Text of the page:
BY CLAIRE WARD-BEVERIDGE
A mysterious sailboat found adrift off of Staten Island is investigated by two bumbling coast guards, one of which is fatally chewed up by a large John Goodman-esque zombie. The owner of said boat is nowhere to be found and so his pretty but plain daughter, Anne, decides to investigate with a small team of relatively handsome-looking adventurers to the Island of Matool. Anne’s bombastic, handsome doctor-father is discovered to have been doing research on the locals who are dying from some strange affliction. After they die, they come back to life as flesh-eating zombies made of burlap/papyrus/papier-maché and wander about the island wreaking terror.
STRAIN OF ZOMBIE
The strong, silent types. Like, Night of the Living Dead zombies but made out of burlap sacks and filled with giant, tropical worms. The kind of zombies that sort of appear out of nowhere and can suddenly latch onto a neck with the speed of a jump cut, yet take 20 minutes to stumble across a room while some poor soul tries to barricade a door. Also, weirdly hot and cold in terms of actually wanting to eat flesh–sometimes a good chomp on the neck seems to suffice, other times several zombies will listlessly pick at a human carcass like bored teenagers at Thanksgiving.
HOW IT FLESHED OUT THE GENRE
Definitely a good mix of sluggish late 60s zombies with 70s gore. Allegedly, this film helped give director Lucio Fulci’s career a needed boost, though I’m not sure why–perhaps because of the high-gore factor which had the film banned in several countries. I had never seen an Italian-produced/directed zombie film before and I couldn’t help but be reminded of spaghetti westerns of the 60s and 70s–the overdubbing, dramatic zooms and extreme close-ups on scared, sweaty, dirty faces. I can’t really see how this film would’ve made a significant impact on the zombie genre, except the soundtrack was pretty cool–almost like Italo-disco or something Broadcast would’ve had on one of their earlier albums.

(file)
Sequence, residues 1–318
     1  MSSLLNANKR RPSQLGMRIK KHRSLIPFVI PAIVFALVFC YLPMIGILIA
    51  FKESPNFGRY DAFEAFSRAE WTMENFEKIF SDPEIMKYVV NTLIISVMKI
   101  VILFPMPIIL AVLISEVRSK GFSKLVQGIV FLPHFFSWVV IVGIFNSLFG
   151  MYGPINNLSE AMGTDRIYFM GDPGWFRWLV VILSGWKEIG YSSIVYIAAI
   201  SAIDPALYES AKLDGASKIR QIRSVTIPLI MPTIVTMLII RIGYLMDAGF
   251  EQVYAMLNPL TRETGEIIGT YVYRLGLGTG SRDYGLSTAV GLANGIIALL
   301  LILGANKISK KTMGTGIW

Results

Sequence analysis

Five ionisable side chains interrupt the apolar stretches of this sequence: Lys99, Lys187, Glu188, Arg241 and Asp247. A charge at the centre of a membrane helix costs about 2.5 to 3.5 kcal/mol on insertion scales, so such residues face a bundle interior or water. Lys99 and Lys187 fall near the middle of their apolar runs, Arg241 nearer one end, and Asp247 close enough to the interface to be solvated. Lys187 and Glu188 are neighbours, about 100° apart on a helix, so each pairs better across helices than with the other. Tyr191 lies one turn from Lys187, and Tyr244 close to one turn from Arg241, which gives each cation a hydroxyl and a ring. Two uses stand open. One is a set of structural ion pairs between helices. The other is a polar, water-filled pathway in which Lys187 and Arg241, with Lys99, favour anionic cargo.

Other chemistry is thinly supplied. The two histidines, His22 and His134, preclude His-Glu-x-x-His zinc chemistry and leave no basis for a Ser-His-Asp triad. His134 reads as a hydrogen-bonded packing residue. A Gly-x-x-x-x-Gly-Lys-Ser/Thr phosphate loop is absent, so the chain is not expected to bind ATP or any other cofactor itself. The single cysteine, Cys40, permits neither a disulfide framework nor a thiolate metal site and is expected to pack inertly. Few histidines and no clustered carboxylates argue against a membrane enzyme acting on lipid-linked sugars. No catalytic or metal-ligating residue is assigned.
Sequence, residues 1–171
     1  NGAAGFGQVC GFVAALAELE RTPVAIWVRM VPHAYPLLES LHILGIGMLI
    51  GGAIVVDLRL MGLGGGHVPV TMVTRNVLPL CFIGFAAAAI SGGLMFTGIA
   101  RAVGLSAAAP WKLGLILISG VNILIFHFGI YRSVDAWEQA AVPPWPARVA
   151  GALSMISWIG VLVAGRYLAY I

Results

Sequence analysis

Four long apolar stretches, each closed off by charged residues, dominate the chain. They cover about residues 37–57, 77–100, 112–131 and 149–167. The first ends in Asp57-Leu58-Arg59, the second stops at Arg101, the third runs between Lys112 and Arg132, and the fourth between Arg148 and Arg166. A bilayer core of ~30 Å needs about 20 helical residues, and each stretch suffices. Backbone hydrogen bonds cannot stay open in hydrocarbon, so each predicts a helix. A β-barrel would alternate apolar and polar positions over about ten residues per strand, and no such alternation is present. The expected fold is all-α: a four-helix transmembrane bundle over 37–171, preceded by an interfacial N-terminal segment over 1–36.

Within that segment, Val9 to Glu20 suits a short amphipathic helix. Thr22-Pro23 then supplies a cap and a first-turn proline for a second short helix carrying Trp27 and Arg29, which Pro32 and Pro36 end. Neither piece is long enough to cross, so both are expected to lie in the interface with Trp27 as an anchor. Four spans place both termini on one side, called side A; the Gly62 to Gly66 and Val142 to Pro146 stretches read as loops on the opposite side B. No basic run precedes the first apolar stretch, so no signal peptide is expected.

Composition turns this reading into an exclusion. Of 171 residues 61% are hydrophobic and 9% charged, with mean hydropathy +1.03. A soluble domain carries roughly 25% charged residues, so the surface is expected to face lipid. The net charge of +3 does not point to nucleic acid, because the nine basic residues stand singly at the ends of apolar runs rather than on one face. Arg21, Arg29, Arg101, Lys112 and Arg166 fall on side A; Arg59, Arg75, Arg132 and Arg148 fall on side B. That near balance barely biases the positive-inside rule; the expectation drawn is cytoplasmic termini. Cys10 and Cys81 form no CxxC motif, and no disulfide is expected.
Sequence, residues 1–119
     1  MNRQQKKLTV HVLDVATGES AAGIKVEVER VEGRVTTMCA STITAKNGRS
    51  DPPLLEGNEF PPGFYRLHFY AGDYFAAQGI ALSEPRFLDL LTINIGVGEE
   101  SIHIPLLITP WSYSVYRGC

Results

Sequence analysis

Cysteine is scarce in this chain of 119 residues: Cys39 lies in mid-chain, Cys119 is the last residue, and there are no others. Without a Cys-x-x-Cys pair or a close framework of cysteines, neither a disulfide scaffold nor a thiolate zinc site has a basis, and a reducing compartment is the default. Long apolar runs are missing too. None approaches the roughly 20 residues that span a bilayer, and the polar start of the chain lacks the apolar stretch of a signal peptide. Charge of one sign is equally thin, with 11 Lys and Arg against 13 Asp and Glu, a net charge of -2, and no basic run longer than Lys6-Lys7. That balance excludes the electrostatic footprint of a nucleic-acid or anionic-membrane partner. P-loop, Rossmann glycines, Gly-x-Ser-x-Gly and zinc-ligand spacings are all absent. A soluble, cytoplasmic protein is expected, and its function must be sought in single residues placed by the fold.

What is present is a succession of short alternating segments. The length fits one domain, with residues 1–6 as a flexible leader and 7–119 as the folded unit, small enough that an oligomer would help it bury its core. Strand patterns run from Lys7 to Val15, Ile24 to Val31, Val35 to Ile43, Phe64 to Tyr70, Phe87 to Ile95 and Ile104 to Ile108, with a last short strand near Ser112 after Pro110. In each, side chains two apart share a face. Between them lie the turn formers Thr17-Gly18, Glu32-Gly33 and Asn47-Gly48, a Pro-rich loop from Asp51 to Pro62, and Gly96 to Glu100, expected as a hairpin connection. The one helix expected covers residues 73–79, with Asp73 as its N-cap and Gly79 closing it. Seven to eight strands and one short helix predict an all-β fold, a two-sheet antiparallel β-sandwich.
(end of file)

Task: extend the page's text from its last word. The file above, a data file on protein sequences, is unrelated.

(UN)DEAD ON DEATH SCENE
Definitely the eye-impaling scene. A gorgeous, high-strung doctor’s wife has shower and makes a hasty exit when she notices a peeping-Zomb lurking in the shadows. After the weakest attempt at locking a door in the history of horror movies, our gal’s hair is suddenly grabbed at until her face is slowly pulled towards a sharp piece of wood. Not only is it the most suspenseful scene, but also the best in terms of makeup and effects. The runner-up would have to be when another poor gal bumps into a massive conquistador-zombie in the jungle brush and they both appear to be transfixed in one another’s gaze for a good ten seconds before he latches onto her neck like a leech[youtube http://www.youtube.com/watch?v=YvbWKf9YLZ8]
Claire Ward-Beveridge is a freelance writer & photographer who lives in North Parkdale, Toronto and her rattled brain. She loves Werner Herzog and depressing English dramas. Follow her @clairewarb.